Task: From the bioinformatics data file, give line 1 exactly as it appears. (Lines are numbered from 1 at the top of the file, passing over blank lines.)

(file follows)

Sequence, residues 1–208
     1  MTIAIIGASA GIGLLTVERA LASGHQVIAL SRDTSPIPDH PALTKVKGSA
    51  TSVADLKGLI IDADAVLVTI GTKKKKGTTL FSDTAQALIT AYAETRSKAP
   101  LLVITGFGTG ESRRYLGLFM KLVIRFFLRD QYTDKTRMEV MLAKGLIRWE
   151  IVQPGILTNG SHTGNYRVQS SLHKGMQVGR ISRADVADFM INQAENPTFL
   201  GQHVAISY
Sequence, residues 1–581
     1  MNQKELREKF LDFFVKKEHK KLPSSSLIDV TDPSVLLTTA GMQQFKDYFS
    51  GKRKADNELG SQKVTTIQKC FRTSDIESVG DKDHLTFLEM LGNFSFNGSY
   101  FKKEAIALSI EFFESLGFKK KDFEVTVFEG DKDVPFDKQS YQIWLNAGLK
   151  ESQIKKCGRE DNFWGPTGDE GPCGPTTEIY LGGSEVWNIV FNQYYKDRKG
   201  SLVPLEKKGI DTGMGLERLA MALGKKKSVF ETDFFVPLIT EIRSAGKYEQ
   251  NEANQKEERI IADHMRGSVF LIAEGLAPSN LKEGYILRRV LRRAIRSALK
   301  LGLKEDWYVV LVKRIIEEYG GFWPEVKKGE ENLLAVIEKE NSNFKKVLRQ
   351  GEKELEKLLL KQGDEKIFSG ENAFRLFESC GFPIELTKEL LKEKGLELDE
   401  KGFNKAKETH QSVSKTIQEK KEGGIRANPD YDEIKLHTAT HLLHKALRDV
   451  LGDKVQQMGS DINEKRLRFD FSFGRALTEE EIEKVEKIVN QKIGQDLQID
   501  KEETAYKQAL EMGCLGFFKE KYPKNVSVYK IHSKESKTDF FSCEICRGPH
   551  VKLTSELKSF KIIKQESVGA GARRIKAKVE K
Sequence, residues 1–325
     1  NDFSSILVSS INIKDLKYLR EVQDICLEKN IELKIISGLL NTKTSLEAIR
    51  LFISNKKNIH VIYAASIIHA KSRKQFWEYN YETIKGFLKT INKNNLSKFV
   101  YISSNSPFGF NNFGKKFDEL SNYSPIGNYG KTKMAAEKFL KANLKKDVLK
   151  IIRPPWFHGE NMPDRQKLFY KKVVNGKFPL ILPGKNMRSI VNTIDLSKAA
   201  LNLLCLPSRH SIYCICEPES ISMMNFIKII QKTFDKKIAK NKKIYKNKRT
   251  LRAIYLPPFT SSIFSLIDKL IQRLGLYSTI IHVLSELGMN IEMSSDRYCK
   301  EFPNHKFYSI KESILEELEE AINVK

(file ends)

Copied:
Sequence, residues 1–208